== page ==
I am a lot more comfortable here in my second NFL camp in terms of the feeling of proving that you can play in the league. That's probably the biggest thing coming in as a rookie and you end up messing up because of it. The thing about it is once you get that out of the way; you really can focus on more important things.
Coming into this camp, I didn't feel like I had to prove my toughness, being a smaller back. I have to focus on the little things, just making sure I've got the offense down and reading defenses a lot better. I am a lot more comfortable and, to be honest, just as much credit has to go to my coaches and teammates. I mean, they have done an excellent job at making feel welcome and making me feel like I am already part of the team and we haven't even played a preseason game yet.
Eagles training camp is tougher than the one I had with the Dolphins. I mean that because we're here going full pads everyday and tackling to the ground. That's something that we rarely did in Miami and I think a lot of teams rarely do that around the league. I'm not saying that Miami's camp was easy because it definitely wasn't. My running back coach was Bobby Jackson at the time, so anybody who knows who that guy is knows it's going to be hard for anything to be easy. But the camp as a whole wasn't as physically demanding on your body. But I think there are positives and negatives to both, it's just a matter of how you look at it.
Coming into a preseason game, it's not really going to be an adjustment when you finally do get tackled. I mean I understand that people are going to hit me. The NFL is tough. It's hard enough trying to finish the regular season without having an injury. But again, you're just a little more poised coming into a preseason game; it's not as shocking. I think I'll be a little more prepared than I was last year.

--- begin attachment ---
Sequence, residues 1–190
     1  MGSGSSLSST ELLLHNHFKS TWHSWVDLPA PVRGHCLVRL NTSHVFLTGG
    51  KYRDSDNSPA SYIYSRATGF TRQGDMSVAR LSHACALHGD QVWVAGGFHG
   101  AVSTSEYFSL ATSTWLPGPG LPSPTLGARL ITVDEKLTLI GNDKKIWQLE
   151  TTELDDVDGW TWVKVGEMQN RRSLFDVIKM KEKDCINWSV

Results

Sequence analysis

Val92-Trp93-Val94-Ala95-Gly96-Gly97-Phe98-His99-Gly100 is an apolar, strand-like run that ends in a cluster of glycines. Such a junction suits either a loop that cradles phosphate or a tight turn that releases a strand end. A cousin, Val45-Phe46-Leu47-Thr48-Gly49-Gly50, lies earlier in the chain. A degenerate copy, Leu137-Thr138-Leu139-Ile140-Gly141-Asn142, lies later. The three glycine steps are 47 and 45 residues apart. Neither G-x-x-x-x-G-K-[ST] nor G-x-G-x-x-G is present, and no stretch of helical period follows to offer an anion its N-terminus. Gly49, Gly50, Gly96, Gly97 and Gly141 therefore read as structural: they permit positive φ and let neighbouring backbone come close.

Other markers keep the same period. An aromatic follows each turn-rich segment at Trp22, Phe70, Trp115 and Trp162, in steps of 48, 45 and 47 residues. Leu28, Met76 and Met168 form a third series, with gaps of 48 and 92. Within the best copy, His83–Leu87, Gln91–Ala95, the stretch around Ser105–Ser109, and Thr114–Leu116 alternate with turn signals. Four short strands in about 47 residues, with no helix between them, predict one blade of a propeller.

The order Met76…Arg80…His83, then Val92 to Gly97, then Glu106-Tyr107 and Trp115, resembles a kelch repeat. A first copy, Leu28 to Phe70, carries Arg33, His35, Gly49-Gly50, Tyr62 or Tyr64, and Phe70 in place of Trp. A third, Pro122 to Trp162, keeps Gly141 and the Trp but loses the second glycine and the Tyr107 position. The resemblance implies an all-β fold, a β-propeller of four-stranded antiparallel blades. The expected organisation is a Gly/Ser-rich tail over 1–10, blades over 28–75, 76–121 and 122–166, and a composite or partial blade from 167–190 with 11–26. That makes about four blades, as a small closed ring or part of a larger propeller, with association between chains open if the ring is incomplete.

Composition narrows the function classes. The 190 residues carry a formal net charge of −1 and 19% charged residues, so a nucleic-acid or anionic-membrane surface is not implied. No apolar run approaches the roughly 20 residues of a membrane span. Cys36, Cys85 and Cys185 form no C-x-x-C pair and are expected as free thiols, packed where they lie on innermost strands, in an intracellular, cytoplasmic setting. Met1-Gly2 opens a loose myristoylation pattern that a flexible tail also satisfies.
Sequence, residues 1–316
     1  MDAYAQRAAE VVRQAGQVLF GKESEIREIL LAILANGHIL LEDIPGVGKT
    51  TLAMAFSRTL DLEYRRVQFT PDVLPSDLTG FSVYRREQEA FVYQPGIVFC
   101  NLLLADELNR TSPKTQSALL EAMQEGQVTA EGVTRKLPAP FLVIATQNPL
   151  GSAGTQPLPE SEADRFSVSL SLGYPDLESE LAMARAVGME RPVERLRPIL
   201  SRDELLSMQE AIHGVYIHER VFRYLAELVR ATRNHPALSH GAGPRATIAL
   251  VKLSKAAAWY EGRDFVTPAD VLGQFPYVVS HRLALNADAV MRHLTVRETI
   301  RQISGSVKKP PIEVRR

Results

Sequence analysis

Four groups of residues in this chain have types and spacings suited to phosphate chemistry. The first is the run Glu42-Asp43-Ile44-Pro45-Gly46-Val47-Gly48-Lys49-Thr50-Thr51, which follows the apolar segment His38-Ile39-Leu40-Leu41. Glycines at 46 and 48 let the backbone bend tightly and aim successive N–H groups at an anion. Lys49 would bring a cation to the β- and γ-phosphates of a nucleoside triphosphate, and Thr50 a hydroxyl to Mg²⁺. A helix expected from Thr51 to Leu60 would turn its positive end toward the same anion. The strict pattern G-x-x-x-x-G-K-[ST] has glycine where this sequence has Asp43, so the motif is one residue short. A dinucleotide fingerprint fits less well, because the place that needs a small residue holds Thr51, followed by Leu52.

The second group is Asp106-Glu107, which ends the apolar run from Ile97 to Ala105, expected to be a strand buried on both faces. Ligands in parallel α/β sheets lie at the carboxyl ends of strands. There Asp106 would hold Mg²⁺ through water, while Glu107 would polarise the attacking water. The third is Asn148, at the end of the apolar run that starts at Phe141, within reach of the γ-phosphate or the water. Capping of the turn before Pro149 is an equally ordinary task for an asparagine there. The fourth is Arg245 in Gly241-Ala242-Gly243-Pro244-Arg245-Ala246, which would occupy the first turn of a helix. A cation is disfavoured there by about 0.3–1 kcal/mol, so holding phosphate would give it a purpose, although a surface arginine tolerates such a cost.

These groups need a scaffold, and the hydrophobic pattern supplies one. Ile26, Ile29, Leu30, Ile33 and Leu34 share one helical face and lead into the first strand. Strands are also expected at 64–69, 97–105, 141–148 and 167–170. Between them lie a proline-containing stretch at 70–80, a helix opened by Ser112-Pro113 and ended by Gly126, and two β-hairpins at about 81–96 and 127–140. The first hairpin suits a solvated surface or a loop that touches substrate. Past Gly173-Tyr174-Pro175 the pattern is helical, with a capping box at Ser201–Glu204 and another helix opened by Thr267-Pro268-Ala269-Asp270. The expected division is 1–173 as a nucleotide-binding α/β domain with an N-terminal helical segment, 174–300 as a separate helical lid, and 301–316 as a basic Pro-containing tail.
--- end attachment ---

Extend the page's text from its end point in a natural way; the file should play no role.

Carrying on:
I have been waiting to be used in an offense like this for half a decade. Now I'm in this situation, so I am fired up. I just have to stay away from Mike P (Patterson) and I'll be alright. I've been waiting to be used like this for a long time and I am more excited when I come to practice now, knowing that I'll be able to do all the things that I've been wanting to do. Everybody wants to be in an offense that's going to exploit their best attributes.
This is the perfect situation for me, so I just try to come out and make sure that when I am watching tape I am doing everything that I can do to make that happen.
To take the next step, I have to improve everything. And as I say that, I am not trying to be politically correct. That's how I look at my game. There is nothing that I can't do better. Obviously there are some things that I do better than others, but that doesn't mean they don't deserve just as much attention. Whatever I am doing I just try to go out there and work hard, and focus on the small things because in this league everybody is a professional and the small things are what win and lose football games.
Coming into camp, I wanted to limit my mental mistakes. Everybody in this league can play. They wouldn't be here if they couldn't. The difference, I think, between the NFL and college is just the mental aspect of the game. Being able to recognize defenses and coverages, which is new for me because this is the most I have ever been spread out wide. So now I have to focus on coverages a lot more too, but just limit the mental mistakes. Warrick Dunn told me while I was at Florida State to slow my mind down. He constantly told me that. Your body will move at the same speed but you have to slow the game down in your head and your play will be a lot more effective.